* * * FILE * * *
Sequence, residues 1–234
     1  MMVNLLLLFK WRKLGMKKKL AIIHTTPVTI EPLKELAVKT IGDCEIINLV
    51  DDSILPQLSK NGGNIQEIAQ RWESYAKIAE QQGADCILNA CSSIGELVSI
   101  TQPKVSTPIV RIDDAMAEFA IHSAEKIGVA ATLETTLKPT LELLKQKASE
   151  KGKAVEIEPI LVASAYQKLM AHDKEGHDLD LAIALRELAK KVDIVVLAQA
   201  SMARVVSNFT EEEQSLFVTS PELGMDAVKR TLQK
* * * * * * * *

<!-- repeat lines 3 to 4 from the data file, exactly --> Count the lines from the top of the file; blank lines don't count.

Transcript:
    51  DDSILPQLSK NGGNIQEIAQ RWESYAKIAE QQGADCILNA CSSIGELVSI
   101  TQPKVSTPIV RIDDAMAEFA IHSAEKIGVA ATLETTLKPT LELLKQKASE